Bring in the cyber guards
Mining companies are facing unprecedented attention from hackers, so they need to get their cyber security act together – but how exactly? Guy Richards reports.
Barely a week seems to go by without a report in the media about a firm’s cyber security having been breached, with the loss of sensitive company and customer data. Mining companies are no different. In fact, a range of recent studies show that, increasingly, they are the target of choice.
It is easy to see why mining firms have become so attractive to hackers. As consultancy Ernst and Young (EY) explains in its latest Global Information Security Survey, a typical mining company regularly deals with huge cash flows for investment and other purposes. They also play a fundamental role in the world supply chain of minerals and metals. Because of this, they are often hate figures for social and environmental activists – and they have geographically dispersed workforces, using a range of communication methods.
None of this is new, but in the past few years the mining sector has undergone some changes, the consequences of which a number of companies may have overlooked. If they continue to do so, they risk severe damage to their finances, reputation and shareholder confidence.
The mining sector has been hit by the recent global economic downturn as much as any other, so mining companies have been under the same pressure as everyone else to rationalise their costs. One way they have done so, says the EY report, has been to centralise many business functions, creating more sophisticated, enterprise-wide web-based IT systems, which bring with them greater scope for outside intrusion.
In addition (in a cost-saving drive), more and more miners are adopting automation and remote control systems for their projects. The problem here is that these systems are now connected to the wider IT network and many of them, especially the legacy control systems, are inherently less secure because they were not designed with security in mind. Without proper precautions, a hacker can access the systems through the enterprise network and cause all manner of damage to equipment as well as to employees.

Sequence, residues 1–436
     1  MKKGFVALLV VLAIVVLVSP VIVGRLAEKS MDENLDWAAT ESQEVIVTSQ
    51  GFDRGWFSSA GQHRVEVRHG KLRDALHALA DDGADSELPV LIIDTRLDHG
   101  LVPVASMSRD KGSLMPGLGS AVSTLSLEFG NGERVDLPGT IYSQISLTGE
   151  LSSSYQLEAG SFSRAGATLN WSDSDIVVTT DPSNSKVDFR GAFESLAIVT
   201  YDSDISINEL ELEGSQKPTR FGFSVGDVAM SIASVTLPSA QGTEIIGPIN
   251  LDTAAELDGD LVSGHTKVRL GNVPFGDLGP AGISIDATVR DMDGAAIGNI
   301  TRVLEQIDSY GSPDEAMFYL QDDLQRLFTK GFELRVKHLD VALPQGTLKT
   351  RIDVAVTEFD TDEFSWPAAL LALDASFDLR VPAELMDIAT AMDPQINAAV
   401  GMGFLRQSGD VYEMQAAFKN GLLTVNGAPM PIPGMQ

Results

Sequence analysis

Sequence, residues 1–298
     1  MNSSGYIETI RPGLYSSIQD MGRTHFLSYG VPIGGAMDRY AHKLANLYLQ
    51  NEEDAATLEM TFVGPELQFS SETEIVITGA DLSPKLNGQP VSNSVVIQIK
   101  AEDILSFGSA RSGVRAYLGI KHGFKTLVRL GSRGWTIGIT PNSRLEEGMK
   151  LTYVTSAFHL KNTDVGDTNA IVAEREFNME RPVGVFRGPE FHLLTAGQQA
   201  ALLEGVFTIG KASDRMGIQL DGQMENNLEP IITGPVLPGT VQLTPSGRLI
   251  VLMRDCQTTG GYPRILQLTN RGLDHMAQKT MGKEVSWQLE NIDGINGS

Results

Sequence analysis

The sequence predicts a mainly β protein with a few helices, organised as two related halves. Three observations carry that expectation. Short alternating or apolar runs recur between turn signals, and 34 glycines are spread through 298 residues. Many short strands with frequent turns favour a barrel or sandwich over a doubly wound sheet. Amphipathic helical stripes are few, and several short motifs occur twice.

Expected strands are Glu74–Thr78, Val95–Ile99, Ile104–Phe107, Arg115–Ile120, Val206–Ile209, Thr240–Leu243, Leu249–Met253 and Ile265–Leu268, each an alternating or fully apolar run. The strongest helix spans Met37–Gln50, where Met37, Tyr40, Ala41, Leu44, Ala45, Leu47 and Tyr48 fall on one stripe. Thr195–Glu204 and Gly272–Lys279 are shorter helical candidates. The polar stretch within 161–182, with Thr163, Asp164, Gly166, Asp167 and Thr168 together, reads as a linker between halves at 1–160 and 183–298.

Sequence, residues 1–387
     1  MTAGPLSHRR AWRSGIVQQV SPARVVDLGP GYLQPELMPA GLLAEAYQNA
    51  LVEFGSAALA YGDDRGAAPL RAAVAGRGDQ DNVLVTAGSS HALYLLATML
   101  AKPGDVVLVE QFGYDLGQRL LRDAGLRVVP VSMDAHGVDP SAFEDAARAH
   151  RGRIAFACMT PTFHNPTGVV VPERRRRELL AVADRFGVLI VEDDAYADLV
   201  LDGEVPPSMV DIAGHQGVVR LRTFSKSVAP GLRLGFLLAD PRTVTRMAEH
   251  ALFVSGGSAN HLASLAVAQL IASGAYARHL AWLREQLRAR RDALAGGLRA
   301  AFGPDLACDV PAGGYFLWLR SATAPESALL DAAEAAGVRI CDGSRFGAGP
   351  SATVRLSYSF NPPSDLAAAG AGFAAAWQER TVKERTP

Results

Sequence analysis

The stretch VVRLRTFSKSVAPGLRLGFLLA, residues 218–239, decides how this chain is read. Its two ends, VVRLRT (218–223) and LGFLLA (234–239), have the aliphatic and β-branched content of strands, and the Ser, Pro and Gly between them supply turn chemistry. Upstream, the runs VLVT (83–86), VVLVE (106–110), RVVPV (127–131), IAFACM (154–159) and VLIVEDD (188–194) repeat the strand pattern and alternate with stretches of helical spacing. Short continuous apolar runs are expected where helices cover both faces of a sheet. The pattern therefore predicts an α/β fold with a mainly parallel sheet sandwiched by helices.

This is not scaremongering. As Mike Elliott, EY’s Global Mining and Metals Leader, says, ‘Companies can be a little naïve in assuming that these technologies are not exposed to attack. The assumption is that they are still standalone technologies – they’re not.’ A case in point, he says, are the supervisory control and data acquisition (SCADA) systems used to control heavy equipment, processing systems and safety monitoring at a mine.
It is a view echoed by Charlie Hosner, Partner at consultancy KPMG with responsibility for cyber security in energy and natural resources. He says, ‘Industrial control systems tend to be designed with open access for safety and legacy design issues, and are often built with a focus on availability and robustness rather than security.’
Plan of attack
The motivations behind cyber attacks are the same as for any other extractive industry, and experts agree that the most serious threat is corporate espionage. As Dr Scott McVicar, Managing Director of Cyber Security at BAE Systems Applied Intelligence, explains, ‘This is the form of cyber attack most likely to succeed. Hackers can be very well resourced and will more than likely achieve their aim, even where the target company has strong cyber security in place.’
The resources of such hackers – in terms of knowledge, manpower and time – are usually greater than those of their targets, giving them the capability to pull off highly sophisticated, complex and extended attacks, which may involve human as well as cyber espionage. Here, the primary targets are to collect data supporting merger and acquisition activity as well as intellectual property around actual operational techniques, plus other commercially sensitive information to aid contract negotiations.
Attacks on the control systems themselves have different aims, but are no less damaging. As Hosner explains, ‘Abuse of these systems represents real health and safety issues as well as a potential environmental and financial impact. It is not hard, for example, to imagine a dedicated attacker causing a national safety threat if they had control of the flow of some of the chemicals used in today’s mining operations.’
These attacks can come from socalled hacktivists – broadly a hacker with a social or political agenda – or plain old-fashioned criminals. For example, in the former case, if a mining company fails to meet a demand under its social licence to operate, a group with unsatisfied demands may seek to disrupt the company’s activities or expose confidential information. In the latter case, a criminal could, for example, take a long position on a metal such as copper, disrupt its production at key sites and then profit from the resulting spike in its market price. While some might see this as a desperate situation, there are plenty of practical and effective measures that can be taken.
Preventing a hack